136.The burden of proof on a Petitioner in a constitutional Petition was addressed by the Supreme Court in Communications Commission of Kenya & 5 Others vs. Royal Media Services Limited & 5 Others  eKLR as follows: -
137.Turning back to this matter, the allegations put forth by the Petitioners were largely technical in nature. Proof of the said allegations called for consideration of various facets of the public finance vis-à-vis the levies in the horticultural industry at large. The alleged oppressive manner occasioned by the impugned levies had to be empirically demonstrated at least by an expert as against the other sectors.
138.The Respondents deposed that the levies were arrived at as a result of public engagement and a joint technical committee comprised of experts from the National and County Governments, the Respondents, stakeholders, among others. The findings of the said Committee especially on the issue of the levies being contrary to Article 201 of the Constitution and were oppressive, therefore, called for contrary expert evidence. (See Mohamed Ali Baadi and others v Attorney General & 11 others  eKLR).
139.In this matter, not even the types of the levies and names of the licenses within the horticulture industry were disclosed. There was, as well, no expert evidence tendered save the averments by the Petitioners through the affidavits. The Petitioners seemingly made blanket averments which were not supported by evidence. In a nutshell, the Petitioners failed to prove how the impugned regulations infringed Article 201 of the Constitution.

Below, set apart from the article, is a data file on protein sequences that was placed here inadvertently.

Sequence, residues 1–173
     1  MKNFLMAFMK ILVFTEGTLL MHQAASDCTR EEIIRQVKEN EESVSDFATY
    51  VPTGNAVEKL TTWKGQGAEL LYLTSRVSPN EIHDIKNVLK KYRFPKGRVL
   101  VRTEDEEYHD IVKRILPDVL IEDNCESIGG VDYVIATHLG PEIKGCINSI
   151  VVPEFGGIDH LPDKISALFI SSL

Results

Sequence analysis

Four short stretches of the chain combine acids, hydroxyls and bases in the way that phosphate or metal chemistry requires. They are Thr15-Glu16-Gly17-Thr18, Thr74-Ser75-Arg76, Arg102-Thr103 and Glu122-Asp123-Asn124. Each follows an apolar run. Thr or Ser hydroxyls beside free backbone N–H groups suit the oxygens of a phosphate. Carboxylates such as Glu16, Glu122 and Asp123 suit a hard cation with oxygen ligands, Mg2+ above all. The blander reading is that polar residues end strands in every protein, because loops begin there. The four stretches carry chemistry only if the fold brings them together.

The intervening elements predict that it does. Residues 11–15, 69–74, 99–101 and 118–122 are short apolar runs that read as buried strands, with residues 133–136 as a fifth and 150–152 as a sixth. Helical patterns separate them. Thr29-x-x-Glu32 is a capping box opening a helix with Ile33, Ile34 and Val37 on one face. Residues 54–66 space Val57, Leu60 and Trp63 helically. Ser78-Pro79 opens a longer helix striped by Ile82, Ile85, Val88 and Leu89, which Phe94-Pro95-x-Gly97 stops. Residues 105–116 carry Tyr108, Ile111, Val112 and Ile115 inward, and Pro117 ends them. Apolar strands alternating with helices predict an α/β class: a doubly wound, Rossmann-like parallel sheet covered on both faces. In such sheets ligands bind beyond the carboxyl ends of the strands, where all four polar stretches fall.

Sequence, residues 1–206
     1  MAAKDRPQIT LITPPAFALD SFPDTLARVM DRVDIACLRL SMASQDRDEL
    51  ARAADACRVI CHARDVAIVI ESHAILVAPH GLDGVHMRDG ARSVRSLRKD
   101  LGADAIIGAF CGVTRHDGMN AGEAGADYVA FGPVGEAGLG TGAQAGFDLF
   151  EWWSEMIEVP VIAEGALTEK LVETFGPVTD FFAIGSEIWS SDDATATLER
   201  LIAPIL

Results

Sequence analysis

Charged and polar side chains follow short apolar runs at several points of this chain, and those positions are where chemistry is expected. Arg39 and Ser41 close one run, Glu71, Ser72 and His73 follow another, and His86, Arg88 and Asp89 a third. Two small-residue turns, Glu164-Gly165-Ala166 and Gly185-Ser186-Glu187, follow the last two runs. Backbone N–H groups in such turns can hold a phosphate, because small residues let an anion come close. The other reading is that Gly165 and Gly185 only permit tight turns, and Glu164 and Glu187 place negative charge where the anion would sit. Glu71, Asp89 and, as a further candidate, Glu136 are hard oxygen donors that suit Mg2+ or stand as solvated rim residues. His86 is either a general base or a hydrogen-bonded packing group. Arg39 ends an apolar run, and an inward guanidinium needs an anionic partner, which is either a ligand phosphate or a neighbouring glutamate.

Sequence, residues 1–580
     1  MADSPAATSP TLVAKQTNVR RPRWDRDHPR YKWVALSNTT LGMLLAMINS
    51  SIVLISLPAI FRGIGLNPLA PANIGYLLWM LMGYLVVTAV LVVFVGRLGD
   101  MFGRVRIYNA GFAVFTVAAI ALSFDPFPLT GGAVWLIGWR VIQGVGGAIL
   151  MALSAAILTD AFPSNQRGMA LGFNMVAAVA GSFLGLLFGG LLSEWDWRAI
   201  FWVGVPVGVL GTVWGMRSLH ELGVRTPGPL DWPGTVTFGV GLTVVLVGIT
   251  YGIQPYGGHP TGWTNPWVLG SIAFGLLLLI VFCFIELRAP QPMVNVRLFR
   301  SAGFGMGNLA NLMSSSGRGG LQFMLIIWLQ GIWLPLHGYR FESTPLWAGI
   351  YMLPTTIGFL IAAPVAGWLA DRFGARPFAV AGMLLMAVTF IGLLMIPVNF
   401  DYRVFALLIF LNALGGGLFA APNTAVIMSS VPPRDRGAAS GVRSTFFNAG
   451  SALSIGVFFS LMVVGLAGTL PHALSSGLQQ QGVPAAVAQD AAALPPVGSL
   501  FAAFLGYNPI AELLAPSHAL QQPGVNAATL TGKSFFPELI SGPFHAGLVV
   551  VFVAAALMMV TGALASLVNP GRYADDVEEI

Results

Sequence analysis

140.As a result, the contention that the impugned regulations contravene Article 201 of the Constitution is not proved and hereby fails.
141.As I come to the end of this judgement, I must profusely apologize for the late delivery of this decision. The delay was mainly occasioned by the number of election-related matters which were filed in the Constitutional and Human Rights Division from December 2021. From their nature and given that the country was heading to a General election, the said matters had priority over the rest, hence, the delay.
142.Having said so and from the above discussion, it follows that the Petition is unsuccessful.
143.Consequently, the following final orders do hereby issue: -a.The Petition and the Notice of Motion dated 23rd June, 2021 are hereby dismissed.b.The Petitioners shall jointly bear the costs of the Petition.Orders accordingly.
DELIVERED, DATED AND SIGNED AT KITALE THIS 30TH DAY OF SEPTEMBER, 2022.A. C. MRIMAJUDGEJudgment virtually delivered in the presence of:Mr. Situma, Learned Counsel for the Petitioner and the Interested Party.Mr. Moimbo, Counsel for the 1st Respondent.Mr. Kibungei, Counsel for the 2nd Respondent.Kirong/Benard – Court Assistants.